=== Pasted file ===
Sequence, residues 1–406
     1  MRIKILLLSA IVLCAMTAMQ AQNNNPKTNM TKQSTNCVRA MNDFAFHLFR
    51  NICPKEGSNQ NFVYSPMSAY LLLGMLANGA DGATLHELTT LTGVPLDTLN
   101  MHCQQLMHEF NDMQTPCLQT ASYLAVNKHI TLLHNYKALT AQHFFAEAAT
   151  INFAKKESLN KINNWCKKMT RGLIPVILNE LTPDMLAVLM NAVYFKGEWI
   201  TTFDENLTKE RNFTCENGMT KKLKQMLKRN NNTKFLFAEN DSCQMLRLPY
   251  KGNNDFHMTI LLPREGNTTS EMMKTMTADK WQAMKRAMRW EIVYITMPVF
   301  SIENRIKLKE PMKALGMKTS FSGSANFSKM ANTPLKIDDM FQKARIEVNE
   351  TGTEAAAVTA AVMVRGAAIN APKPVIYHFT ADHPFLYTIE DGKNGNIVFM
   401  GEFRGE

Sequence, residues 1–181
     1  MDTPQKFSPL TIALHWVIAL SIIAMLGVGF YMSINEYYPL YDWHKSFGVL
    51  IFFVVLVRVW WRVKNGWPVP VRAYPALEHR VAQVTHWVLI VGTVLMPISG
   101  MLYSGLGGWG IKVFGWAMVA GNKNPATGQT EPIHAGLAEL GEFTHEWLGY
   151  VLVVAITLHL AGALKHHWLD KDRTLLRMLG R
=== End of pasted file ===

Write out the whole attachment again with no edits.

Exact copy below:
Sequence, residues 1–406
     1  MRIKILLLSA IVLCAMTAMQ AQNNNPKTNM TKQSTNCVRA MNDFAFHLFR
    51  NICPKEGSNQ NFVYSPMSAY LLLGMLANGA DGATLHELTT LTGVPLDTLN
   101  MHCQQLMHEF NDMQTPCLQT ASYLAVNKHI TLLHNYKALT AQHFFAEAAT
   151  INFAKKESLN KINNWCKKMT RGLIPVILNE LTPDMLAVLM NAVYFKGEWI
   201  TTFDENLTKE RNFTCENGMT KKLKQMLKRN NNTKFLFAEN DSCQMLRLPY
   251  KGNNDFHMTI LLPREGNTTS EMMKTMTADK WQAMKRAMRW EIVYITMPVF
   301  SIENRIKLKE PMKALGMKTS FSGSANFSKM ANTPLKIDDM FQKARIEVNE
   351  TGTEAAAVTA AVMVRGAAIN APKPVIYHFT ADHPFLYTIE DGKNGNIVFM
   401  GEFRGE

Sequence, residues 1–181
     1  MDTPQKFSPL TIALHWVIAL SIIAMLGVGF YMSINEYYPL YDWHKSFGVL
    51  IFFVVLVRVW WRVKNGWPVP VRAYPALEHR VAQVTHWVLI VGTVLMPISG
   101  MLYSGLGGWG IKVFGWAMVA GNKNPATGQT EPIHAGLAEL GEFTHEWLGY
   151  VLVVAITLHL AGALKHHWLD KDRTLLRMLG R